Explores and validates the claims around the health benefits of gardening in the Irish Market.

This research, carried out by Bord Bia since 2001, has recorded data from the gardening market over the last 20 years. In 2021, the highest spend on gardening by consumers was recorded at €1.5bn, surpassing the previous high recorded at the height of the Celtic Tiger era.

Grace explores the main trends evident in the gardening market, arising from the findings of all of the gardening research carried out over the last 12 months, which help nurture the Irish gardener.

Shopping the gardening category can be a minefield for the newer gardener. This work explores the barriers faced by novice gardeners and strategies businesses can use to overcome them.

The engagement and feedback from the delegates who attended was very positive, with Lisa Hardy, General Manager of Powerscourt Garden Pavilion, saying: “We found the day really informative and plan to use the information to refocus on what is key to our customers. All speakers gave some great information and we found this really beneficial from the Garden Centre perspective.” The reports are available on the Bord Bia website at the following links; 20- 100228-Bord Bia Amenity Sector 2021 Management Report, and The Health Benefits of Gardening (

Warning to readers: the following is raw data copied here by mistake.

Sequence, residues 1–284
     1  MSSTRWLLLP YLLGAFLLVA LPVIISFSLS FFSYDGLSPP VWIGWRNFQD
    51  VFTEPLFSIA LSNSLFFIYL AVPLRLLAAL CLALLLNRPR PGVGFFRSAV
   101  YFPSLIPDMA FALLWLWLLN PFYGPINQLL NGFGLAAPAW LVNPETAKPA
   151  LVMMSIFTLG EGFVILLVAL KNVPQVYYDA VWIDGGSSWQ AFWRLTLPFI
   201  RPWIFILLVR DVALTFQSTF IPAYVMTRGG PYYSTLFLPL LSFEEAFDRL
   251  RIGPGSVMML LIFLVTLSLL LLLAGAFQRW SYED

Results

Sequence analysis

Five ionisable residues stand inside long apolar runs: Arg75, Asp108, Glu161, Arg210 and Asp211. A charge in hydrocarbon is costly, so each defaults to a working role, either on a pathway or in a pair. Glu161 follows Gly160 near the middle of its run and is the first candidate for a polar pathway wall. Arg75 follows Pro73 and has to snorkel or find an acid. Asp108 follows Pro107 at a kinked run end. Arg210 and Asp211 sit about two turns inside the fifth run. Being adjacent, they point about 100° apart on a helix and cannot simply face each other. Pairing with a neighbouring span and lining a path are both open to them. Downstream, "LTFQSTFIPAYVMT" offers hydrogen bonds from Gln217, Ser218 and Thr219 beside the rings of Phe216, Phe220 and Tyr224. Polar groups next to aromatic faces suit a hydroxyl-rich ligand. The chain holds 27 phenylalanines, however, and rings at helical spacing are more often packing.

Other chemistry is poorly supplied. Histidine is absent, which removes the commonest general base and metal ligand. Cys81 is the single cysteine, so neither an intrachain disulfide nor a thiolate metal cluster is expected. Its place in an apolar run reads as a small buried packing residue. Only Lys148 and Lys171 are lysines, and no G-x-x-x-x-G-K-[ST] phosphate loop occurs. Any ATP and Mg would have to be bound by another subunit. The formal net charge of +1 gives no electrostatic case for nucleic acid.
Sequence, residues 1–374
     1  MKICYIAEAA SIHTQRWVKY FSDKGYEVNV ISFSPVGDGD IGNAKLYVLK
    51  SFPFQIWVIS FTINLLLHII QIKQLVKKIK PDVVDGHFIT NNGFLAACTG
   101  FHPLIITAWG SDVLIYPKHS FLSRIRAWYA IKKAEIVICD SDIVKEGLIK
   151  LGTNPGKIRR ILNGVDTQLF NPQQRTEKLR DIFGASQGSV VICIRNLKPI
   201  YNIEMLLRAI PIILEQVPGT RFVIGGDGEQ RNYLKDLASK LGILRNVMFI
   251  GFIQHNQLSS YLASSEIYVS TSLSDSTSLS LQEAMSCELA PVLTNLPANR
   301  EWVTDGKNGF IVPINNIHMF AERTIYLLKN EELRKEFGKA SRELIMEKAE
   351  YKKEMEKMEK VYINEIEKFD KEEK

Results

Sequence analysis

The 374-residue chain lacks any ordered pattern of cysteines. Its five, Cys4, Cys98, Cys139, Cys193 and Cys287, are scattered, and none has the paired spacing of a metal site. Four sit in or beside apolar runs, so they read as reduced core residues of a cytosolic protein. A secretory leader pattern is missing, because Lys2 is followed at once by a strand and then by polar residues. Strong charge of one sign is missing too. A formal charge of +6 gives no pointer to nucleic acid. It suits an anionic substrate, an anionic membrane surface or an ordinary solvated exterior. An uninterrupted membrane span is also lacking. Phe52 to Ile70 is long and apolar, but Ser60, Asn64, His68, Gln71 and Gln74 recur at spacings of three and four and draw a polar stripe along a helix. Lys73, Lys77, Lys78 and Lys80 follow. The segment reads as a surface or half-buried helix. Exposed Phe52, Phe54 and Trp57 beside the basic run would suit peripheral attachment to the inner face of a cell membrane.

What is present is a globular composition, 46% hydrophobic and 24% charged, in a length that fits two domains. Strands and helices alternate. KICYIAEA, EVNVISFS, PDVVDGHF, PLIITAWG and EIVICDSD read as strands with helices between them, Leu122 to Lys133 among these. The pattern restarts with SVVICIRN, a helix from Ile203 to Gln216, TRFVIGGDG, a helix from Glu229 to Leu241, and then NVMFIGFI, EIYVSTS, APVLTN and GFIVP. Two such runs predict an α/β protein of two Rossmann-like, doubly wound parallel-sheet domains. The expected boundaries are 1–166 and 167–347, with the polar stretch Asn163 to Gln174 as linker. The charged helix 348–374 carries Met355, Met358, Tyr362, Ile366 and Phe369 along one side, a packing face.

Dominic Macari, Romayo’s and Potato Grower Laurence Flynn announce a Bord Bia pilot project. Fennell Photography 2022

Romayo’s – the Italian-Irish chain of 21 traditional chip shops based in Dublin and run by the Macari group – teamed up with Bord Bia Quality Assured potato growers Flynns recently, to encourage Irish consumers to enjoy freshly cut chips, wedges and fries made only from locally grown potatoes.

The initiative was announced to mark National Potato Day on Friday, October 7, with Romayo’s restaurants displaying the Bord Bia Quality mark to call out their local, quality assured potato suppliers Paud Flynn & Sons, who have been farming in North County Dublin for over 100 years.